The July 23, 2020 release of Taylor Swift’s new album, Folklore, begs the question, “What is folklore?”.  Refinery 29, the media and entertainment company dedicated to women’s perspectives, asks, “what does folklore mean anyway?”  Natalie Morin, writing for Refinery 29, explains that “folklore is the traditional customs preserved among a community, like stories, legends, songs, sayings, dances and popular beliefs,” and also “folklore is a belief that’s been widely circulated and well-known without any supporting evidence.”  (Morin, Refinery 29, July 23, 2020).

As the Executive Director of New York Folklore – New York’s statewide organization for the field of folklore– I am writing to suggest a more accurate portrayal of folklore and its role in human life.  While often portrayed as “inaccuracies,” or “quaint and old-fashioned,” folklore is much more than that misunderstood characterization.  Although folklore does connect people to their past, the expression of folklore is an integral part of life in the present.  Its manifestation is at the center of the idea of culture.  While folklore may include, as Morin states, “traditional customs,” as well as ideas that are not backed up by “evidence” (the multiple reports of Bigfoot occurrences nationwide, for example), folklore is, more accurately, the human, creative responses to very real, lived experiences.  Perhaps Laura Snapes’ review in The Guardian, (July 24, 2020) gives us the best rationale for the album’s title when she says that Folklore shows an “authentic” side to Swift.

“Authenticity” is an important concept to folklorists and those who follow and study folklore.  Every group of people that shares a sense of identity shares folklore as part of their identity.   Folklore is the “authentic” way that people comment upon their shared experiences.  Folklore during the current COVID-19 pandemic is all around us and it is easily apparent in the ways that people are responding creatively to their experiences.  Folklore is visible through the creative fabrications of the home-made facemasks.  Folklore is expressed through the changing ways that teens and schools are marking an important rite of passage by creatively re-working high school graduation ceremonies.  Folklore is visible in the Black Lives Movement through the memorials and street art created by communities expressing their grief over the murder of George Floyd, and through the ways that the shared experience of being Black in America is commented upon and creatively expressed through folk narrative, folk art, folk music, and practice throughout the Black community – no matter the geography, social class, educational attainment or age of the individual.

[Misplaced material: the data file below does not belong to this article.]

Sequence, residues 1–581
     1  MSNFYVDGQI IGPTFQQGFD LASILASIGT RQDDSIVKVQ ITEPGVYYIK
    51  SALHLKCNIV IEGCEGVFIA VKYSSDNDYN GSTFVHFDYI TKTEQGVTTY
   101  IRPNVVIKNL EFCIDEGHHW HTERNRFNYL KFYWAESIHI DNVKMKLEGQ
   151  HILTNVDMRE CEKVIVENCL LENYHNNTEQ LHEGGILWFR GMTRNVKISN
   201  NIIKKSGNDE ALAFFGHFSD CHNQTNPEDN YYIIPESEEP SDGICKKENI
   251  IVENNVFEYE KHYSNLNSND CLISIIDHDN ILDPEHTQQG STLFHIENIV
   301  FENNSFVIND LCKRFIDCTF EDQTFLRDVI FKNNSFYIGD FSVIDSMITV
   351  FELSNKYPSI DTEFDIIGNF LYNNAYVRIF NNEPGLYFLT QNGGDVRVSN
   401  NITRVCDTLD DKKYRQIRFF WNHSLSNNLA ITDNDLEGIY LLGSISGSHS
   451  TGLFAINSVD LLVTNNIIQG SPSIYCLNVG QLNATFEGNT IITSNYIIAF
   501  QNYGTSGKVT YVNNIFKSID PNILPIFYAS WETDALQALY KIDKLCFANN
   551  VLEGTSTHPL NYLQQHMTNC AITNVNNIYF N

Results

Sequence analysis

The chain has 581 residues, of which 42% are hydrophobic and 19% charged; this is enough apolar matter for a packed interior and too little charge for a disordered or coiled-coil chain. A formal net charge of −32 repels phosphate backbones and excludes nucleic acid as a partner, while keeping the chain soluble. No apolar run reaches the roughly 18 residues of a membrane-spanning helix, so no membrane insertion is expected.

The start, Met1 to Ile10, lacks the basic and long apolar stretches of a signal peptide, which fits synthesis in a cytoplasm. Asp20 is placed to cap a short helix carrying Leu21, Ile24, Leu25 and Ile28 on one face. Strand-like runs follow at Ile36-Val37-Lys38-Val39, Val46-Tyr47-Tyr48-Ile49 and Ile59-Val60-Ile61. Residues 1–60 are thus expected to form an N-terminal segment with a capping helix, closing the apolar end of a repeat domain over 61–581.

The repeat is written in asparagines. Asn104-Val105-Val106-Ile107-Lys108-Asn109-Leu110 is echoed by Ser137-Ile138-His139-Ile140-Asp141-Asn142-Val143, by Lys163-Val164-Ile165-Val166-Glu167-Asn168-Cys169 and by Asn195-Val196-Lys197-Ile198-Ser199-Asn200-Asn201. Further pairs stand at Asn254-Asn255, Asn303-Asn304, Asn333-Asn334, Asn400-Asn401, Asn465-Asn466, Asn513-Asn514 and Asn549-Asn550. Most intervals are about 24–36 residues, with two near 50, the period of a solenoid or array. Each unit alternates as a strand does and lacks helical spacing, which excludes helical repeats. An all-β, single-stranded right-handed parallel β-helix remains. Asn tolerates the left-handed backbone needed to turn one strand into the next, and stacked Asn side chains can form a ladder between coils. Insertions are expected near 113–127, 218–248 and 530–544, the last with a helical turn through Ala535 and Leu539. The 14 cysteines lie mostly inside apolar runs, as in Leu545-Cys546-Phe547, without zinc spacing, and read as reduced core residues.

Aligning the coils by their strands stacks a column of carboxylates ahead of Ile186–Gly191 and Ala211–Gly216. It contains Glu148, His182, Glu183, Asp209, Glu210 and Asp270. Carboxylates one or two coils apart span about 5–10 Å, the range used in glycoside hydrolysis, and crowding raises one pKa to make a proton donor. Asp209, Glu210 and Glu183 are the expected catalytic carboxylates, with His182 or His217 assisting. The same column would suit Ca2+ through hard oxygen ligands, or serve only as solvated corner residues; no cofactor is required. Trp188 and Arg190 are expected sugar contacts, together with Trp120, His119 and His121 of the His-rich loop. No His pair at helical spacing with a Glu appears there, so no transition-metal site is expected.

I ask those who are intrigued with Taylor Swift’s new album, Folklore, to use this moment as a stepping-off place to find out about folklore in your own communities.  Folklorists are working throughout New York State – in arts organization, museums, universities, and libraries – to draw attention to the diverse ways that folklore is apparent in our communities and to support folklore and folk arts at the grassroots.  One doesn’t have to look far, as there are vast resources at your fingertips – including New York’s statewide organization, New York Folklore (www.nyfolklore.org), the American Folklore Society (www.afsnet.org); and the Folklife Center at the Library of Congress, (www.loc.gov/folklife).   Like Swift’s song titled “Cardigan,” you may find that folklore is that part of yourself that is familiar and well-worn, yet evocative and deeply meaningful.  Folklore is complicated.